Contact hours:
  Autumn Spring Summer
Lectures 20
Tutorials 1 2
Practicals classes and workshops 16
Guided independent study 161
       
Total hours by term 198.00 2.00
       
Total hours for module 200.00

Summative Assessment Methods:
Method Percentage
Portfolio 100

Other information on summative assessment:
One portfolio consisting of THREE primary source case-studies PLUS a detailed dissertation proposal form. The word-limit for each of the three case studies is 2,000 (6,000 words total). Dissertation proposals should use the on-line form as a template. Each of the four pieces of work constitutes 25% of the overall mark for this module, with the final mark being the average mark of all four elements.
Completed case studies should be submitted in three stages.
The first case study is due in by noon on Friday of week 5 of the Spring term.
The second case study is due in by noon on the Friday of week 11 of the Spring term.
The third case study AND dissertation proposal form is due in by noon on Friday of week one of the Summer term. They need to be submitted electronically via Blackboard.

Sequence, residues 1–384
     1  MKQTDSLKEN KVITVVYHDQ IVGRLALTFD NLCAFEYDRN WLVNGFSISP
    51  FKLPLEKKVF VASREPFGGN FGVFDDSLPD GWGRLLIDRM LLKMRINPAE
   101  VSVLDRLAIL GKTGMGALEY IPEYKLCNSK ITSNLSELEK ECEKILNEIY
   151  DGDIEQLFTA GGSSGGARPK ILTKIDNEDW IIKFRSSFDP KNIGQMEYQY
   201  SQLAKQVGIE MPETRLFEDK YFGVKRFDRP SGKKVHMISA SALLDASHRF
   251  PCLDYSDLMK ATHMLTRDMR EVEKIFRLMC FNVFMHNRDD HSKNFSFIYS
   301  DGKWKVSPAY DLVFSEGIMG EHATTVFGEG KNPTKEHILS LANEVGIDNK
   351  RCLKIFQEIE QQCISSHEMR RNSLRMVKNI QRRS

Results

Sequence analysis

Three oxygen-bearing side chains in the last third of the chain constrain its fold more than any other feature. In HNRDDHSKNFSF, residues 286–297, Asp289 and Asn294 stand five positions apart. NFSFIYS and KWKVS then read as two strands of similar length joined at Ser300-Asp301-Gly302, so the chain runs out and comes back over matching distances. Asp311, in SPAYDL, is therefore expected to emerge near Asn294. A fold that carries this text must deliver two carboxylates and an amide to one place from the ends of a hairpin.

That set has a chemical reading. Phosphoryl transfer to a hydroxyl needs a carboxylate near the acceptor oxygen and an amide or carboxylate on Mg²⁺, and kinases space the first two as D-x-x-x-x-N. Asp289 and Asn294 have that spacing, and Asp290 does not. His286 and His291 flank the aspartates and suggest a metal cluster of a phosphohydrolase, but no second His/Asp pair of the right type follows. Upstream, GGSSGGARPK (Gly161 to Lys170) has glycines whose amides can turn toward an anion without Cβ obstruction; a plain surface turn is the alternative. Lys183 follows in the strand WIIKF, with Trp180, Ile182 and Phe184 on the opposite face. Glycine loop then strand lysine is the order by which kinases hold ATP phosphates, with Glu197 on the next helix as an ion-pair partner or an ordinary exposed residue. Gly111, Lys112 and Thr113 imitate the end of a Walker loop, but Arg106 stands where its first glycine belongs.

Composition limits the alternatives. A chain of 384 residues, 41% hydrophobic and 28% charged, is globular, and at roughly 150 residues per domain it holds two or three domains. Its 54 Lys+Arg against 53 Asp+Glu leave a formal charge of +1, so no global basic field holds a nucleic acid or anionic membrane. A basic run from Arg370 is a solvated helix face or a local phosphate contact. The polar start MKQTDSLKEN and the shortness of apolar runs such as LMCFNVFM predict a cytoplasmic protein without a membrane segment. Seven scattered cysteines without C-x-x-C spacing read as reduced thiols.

Formative assessment methods:

Penalties for late submission:
The Module Convenor will apply the following penalties for work submitted late, in accordance with the University policy.

  • where the piece of work is submitted up to one calendar week after the original deadline (or any formally agreed extension to the deadline): 10% of the total marks available for the piece of work will be deducted from the mark for each working day (or part thereof) following the deadline up to a total of five working days;
  • where the piece of work is submitted more than five working days after the original deadline (or any formally agreed extension to the deadline): a mark of zero will be recorded.

  • The University policy statement on penalties for late submission can be found at: http://www.reading.ac.uk/web/FILES/qualitysupport/penaltiesforlatesubmission.pdf
    You are strongly advised to ensure that coursework is submitted by the relevant deadline. You should note that it is advisable to submit work in an unfinished state rather than to fail to submit any work.

    Length of examination:
    N/A

    Requirements for a pass:
    A mark of 40% overall

    Reassessment arrangements:
    Where a re-sit is permitted, students will be assessed on the failed element(s) only in August. Any element(s) already passed will be carried forward if it bears a confirmed mark of 40% or more. Any element which is re-sat in August is capped at 40%. Failed coursework must be re-submitted by 12 noon, on the last Friday of August.

    Additional Costs (specified where applicable):
    1) Required text books:
    2) Specialist equipment or materials:
    3) Specialist clothing, footwear or headgear:
    4) Printing and binding:
    5) Computers and devices with a particular specification:
    6) Travel, accommodation and subsistence:

    Last updated: 5 January 2017